HRW warns of threat to free-speech following rescinding of job offer to critic of Israel

Criticisms of Israel labelled as antisemitism (Carlos Latuff - Twitter)

Middle East Monitor  /  September 30, 2020

Prominent international non-governmental organisation, Human Rights Watch (HRW), has waded into the row over a decision by the University of Toronto’s Faculty of Law to rescind its job offer to academic Valentina Azarova following pressure from a pro-Israel donor.

The “case raises serious concerns on threats to academic freedom”, warned the Director of HRW in Canada, Farida Deif, in an article published on the advocacy group’s website. Deif revealed that HRW had been in contact with both parties over the withdrawal of a job offer to Azarova, a prominent international academic. The decision to rescind the offer led to accusations that the university had caved to pressure from a pro-Israel donor.

Relaying the contradictory account, Deif repeated the university’s position that “no offer of employment was made,” and that only an “exploratory” discussion had taken place with “one candidate”. This account, Deif acknowledged that the university’s position has been contradicted by various reports indicating that an “offer” had been made to Azarova.

Describing the backlash, Deif said: “International legal academics, including Israeli and Jewish scholars, have written individually in support of Dr. Azarova’s scholarship. Other letters of support have well over 1,300 signatories, including former and current United Nations Special Rapporteurs. The program’s alumni association, the Canadian Association of University Teachers, Amnesty International, and others have called for external investigations.”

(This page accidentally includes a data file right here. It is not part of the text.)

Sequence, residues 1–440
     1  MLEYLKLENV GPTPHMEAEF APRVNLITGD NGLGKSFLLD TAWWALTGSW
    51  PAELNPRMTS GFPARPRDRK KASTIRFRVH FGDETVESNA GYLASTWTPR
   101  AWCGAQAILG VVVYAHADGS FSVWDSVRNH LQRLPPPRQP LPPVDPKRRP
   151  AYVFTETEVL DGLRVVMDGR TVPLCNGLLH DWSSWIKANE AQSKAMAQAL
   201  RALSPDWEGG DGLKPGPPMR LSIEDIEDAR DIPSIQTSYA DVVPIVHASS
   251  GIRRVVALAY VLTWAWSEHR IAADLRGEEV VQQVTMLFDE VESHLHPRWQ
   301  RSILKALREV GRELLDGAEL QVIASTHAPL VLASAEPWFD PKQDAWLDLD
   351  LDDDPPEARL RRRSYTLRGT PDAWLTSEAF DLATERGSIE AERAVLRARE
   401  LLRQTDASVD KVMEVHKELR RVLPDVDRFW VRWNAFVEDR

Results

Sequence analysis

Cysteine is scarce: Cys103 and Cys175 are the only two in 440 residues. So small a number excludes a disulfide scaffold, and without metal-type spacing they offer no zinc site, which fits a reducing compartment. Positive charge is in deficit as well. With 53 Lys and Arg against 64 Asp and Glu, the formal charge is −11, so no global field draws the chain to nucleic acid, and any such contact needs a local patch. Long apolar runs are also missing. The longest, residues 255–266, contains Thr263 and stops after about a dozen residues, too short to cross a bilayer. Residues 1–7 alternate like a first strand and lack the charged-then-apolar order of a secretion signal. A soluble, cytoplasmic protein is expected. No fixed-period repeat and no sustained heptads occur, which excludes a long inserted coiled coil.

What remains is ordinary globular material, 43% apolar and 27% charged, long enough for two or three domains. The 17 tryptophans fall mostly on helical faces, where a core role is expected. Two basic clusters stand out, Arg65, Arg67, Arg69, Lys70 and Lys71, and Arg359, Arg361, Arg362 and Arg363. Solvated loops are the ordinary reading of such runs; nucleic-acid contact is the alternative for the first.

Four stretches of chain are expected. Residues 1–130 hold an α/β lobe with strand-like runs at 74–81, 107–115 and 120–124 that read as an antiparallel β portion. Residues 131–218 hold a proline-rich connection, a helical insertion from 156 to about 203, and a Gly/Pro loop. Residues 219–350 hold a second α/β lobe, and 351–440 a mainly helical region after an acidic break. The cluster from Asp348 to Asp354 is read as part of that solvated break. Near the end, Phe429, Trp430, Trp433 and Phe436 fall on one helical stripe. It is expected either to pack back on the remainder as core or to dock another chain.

After disclosing that Azarova is her colleague, Deif warned of the serious threat to free speech posed by the alleged attempt to silence critics of Israel. “This controversy is about more than the individuals involved; it speaks to the core of what academic freedom means and the principle that no country should be off limits for critique of its rights record,” said Deif.

“The University of Toronto should urgently conduct an independent external review. Make its findings public immediately, and swiftly address any improprieties,” recommended Deif. “No one should pay such a price simply for exposing human rights violations by any country, including Israel”.